(b) In enumerated error 2, the appellant asserts that the trial court erred in denying his motion to suppress the tape evidence without conducting an evidentiary hearing on the motion. The record shows that a hearing was held prior to trial, at which time the judge considered both the appellant's motion and the state's motion to dismiss the appellant's motion. Prior to the state's tender of the recording at trial, the judge held an additional hearing, and heard arguments and permitted cross-examination as to the admissibility of the tape. A review of the testimony shows that the tape was admissible under OCGA § 16-11-66 (Code Ann. § 26-3006), which allows a third party to intercept, record and divulge conversations where the conversation is in furtherance of a crime and one party to the conversation consents. Mitchell v. State, 239 Ga. 3 (235 SE2d 509) (1977); Humphrey v. State, 231 Ga. 855 (204 SE2d 603) (1974). The appellant's contention that the admission of this evidence violated the Georgia Invasion of Privacy Act (OCGA § 16-11-60, Code Ann. § 26-3009) (argued in enumerated error 4); the federal Omnibus Crime Control and Safe Streets Act of 1968 (18 USCA §§ 2510-2520); Art. I, Sec. I, Par. X, Ga. Constitution of 1976 (Code Ann. § 2-110); and the Fourth Amendment of the U. S. Constitution is without merit.
(c) Enumerated error 5 asserts that the duplicate of the original tape was inadmissible on the grounds of a lack of showing of its authenticity and correctness, improper foundation, inaudibility of portions thereof, and irrelevancy. The record shows that the seven-step foundation, as approved in Central of Ga. R. Co. v. Collins, 232 Ga. 790 (3) (209 SE2d 1) (1974), was met here, by extensive questioning of FBI personnel and the party to the conversation, Charlotte Salmon. Although some parts of the duplicate tape may have been inaudible, the appellant does not aver that there was anything favorable to him in such "gaps." See Harris v. State, 237 Ga. 718, 725 (5) (230 SE2d 1) (1976). And, although there may have been some irrelevant material on the tape, in order for the recorded conversation to make sense and be heard in the proper context, it was necessary to play the tape to the jury in its entirety.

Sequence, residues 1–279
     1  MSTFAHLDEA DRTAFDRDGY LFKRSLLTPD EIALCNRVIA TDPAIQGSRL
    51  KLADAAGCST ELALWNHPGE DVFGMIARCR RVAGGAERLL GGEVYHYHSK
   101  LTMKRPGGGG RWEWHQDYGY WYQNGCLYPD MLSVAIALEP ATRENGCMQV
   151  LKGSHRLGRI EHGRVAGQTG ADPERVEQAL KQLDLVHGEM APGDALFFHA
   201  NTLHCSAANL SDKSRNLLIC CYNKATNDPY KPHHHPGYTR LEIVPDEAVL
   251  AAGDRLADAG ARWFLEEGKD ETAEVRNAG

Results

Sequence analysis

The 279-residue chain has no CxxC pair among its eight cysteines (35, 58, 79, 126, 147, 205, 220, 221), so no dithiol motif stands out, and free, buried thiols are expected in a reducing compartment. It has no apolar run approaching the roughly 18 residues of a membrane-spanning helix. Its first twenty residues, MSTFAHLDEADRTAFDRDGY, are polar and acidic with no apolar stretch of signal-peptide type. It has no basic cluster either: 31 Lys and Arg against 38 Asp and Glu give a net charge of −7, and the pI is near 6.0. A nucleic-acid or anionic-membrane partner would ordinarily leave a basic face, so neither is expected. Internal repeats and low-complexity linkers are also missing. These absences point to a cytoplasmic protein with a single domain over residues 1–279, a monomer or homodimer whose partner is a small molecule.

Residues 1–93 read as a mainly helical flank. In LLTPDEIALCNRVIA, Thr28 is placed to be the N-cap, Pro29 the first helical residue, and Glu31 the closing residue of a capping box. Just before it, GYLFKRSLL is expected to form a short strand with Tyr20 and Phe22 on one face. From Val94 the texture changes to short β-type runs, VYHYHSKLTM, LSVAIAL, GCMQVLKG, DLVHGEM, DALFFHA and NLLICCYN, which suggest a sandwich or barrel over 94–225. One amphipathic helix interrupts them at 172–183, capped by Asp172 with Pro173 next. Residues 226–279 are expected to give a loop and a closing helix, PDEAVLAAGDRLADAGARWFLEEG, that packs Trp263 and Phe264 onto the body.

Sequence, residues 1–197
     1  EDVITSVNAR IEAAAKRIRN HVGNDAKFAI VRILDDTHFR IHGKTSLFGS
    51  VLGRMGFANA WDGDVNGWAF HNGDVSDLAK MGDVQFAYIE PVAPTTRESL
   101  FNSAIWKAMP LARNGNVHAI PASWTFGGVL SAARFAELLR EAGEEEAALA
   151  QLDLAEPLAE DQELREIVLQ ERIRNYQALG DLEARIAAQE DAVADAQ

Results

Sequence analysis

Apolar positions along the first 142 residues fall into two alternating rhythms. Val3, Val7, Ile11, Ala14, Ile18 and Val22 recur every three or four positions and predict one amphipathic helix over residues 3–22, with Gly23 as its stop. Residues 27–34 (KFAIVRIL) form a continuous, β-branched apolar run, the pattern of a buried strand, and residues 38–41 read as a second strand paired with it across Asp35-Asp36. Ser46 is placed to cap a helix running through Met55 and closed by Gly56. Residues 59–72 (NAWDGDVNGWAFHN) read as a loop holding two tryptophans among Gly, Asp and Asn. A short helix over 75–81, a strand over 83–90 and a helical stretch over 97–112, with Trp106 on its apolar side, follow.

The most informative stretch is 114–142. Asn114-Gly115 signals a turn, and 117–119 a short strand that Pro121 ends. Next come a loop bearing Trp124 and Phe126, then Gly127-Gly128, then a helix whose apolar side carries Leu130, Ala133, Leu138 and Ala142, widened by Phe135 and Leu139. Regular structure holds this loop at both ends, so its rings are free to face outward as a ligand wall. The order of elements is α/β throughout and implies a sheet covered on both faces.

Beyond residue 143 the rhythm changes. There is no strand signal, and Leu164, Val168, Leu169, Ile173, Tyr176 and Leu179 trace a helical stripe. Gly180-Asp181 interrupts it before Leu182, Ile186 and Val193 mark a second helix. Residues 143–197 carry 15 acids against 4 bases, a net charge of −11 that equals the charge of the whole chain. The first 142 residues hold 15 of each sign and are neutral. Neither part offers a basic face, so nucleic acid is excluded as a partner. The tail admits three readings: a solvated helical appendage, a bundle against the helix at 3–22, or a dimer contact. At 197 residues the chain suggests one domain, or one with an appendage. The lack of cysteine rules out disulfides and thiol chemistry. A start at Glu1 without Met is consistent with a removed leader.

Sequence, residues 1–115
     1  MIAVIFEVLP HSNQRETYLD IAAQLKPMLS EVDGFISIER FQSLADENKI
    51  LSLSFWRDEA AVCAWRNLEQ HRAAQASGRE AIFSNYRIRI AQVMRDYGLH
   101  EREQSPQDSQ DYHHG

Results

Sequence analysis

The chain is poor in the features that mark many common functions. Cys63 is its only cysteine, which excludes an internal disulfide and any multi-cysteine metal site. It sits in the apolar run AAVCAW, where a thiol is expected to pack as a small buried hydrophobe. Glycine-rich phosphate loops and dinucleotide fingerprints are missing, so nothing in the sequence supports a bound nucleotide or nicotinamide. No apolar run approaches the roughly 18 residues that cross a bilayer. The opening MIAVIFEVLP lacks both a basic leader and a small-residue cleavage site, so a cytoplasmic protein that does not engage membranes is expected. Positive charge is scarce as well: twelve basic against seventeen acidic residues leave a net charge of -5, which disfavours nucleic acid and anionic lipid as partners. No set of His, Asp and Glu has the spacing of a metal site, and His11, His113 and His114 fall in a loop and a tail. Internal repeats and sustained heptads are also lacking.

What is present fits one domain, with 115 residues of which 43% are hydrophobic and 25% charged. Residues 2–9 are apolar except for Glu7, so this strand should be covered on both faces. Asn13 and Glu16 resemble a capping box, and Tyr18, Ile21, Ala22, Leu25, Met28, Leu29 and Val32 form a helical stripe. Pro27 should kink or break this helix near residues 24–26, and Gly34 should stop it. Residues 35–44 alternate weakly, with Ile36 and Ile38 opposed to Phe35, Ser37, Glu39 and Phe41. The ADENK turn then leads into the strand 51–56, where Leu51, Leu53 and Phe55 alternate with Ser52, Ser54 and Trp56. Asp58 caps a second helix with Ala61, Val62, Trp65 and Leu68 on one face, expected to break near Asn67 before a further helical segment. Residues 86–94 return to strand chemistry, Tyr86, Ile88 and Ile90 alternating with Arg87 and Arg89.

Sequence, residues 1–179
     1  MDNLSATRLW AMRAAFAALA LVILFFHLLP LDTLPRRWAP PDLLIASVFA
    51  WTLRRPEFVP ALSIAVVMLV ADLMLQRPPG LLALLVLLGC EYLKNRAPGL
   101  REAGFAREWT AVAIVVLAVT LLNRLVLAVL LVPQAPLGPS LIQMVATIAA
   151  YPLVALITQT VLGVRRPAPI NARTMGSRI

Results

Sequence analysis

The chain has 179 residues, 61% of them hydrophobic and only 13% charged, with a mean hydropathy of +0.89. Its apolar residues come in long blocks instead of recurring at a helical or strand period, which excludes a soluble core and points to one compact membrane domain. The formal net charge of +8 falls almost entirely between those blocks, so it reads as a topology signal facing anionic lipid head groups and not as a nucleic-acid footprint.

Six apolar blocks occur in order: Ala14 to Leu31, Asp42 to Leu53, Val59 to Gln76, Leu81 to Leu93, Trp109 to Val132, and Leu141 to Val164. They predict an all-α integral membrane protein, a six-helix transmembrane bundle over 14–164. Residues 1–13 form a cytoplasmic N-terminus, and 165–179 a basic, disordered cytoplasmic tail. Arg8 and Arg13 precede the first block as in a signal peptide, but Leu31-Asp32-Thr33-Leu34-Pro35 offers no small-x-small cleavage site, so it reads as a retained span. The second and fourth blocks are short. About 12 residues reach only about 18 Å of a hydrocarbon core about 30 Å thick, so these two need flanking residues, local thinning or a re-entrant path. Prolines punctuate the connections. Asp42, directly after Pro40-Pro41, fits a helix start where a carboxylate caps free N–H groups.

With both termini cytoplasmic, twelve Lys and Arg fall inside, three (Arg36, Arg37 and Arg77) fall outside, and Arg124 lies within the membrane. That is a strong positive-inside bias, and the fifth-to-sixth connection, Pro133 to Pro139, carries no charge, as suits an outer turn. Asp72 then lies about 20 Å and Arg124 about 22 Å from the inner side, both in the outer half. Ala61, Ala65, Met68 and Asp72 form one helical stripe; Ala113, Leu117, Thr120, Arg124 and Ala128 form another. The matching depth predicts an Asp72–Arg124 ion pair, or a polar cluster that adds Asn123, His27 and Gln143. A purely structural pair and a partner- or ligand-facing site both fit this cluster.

*612 (d) In enumerated error 7, the appellant asserts that his character was improperly placed in issue through his references on the tape recording to having burned a barn, having attempted to "fix" a jury in the "Bo" Salmon case, having concealed a stolen car, and his plan to threaten an individual for nonpayment of money. The tape recording showed the appellant's continuing participation in a conspiracy through his efforts to raise money to assist his co-defendant, Salmon, and to pay Salmon in accordance with the terms of their conspiracy agreement. The taped testimony corroborated the testimony of Charlotte Salmon pertaining to the appellant's agreement with Salmon and Mulkey. Additionally, references in the tape to raising money for Salmon illustrate the appellant's mental process and intent, indicating his willingness to hire another to perpetrate a murder. References to his attempt to fix Salmon's jury demonstrate Salmon's willingness to continue the coverup of the murder. Although some portions may have been irrelevant, the jury was entitled to hear the entire statements of the appellant in the full context in which they were spoken, as we held in Division 1(c), supra.
2. In enumerated error 3, the appellant asserts as error the dismissing of his motion to suppress evidence (two jury lists, which were admitted to prove the appellant's attempt to "fix" Salmon's jury) obtained as a result of an alleged illegal search. A review of the contents of the motion reveals that it does not comply with the requirements of OCGA § 17-5-30 (Code Ann. § 27-313). The appellant contends that the notary public, ex-officio justice of the peace who issued the warrant had not been properly appointed by the grand jury. We find this contention to be without merit. Under Code Ann. § 24-501, which was in effect at the time of the appellant's trial, ex-officio justices of the peace were appointed, not by the grand jury, but by superior court judges.
3. The trial judge did not err, as contended in enumerated error 6, in limiting cross-examination as to witness Ensley's agreements with the federal government to testify in other cases unrelated to the present case. We have answered this contention unfavorably to the appellant in Mulkey v. State, 250 Ga. 444, supra, (2).
Judgment affirmed. All the Justices concur.